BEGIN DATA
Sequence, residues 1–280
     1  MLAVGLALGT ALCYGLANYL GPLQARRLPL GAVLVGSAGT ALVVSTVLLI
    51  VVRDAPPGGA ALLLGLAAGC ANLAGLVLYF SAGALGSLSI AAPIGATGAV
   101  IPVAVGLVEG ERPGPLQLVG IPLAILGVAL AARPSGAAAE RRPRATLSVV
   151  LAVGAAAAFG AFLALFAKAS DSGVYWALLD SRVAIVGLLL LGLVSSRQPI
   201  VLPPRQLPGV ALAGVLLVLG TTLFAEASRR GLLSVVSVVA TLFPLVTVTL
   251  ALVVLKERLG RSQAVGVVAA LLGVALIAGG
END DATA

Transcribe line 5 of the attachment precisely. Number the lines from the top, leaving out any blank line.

   151  LAVGAAAAFG AFLALFAKAS DSGVYWALLD SRVAIVGLLL LGLVSSRQPI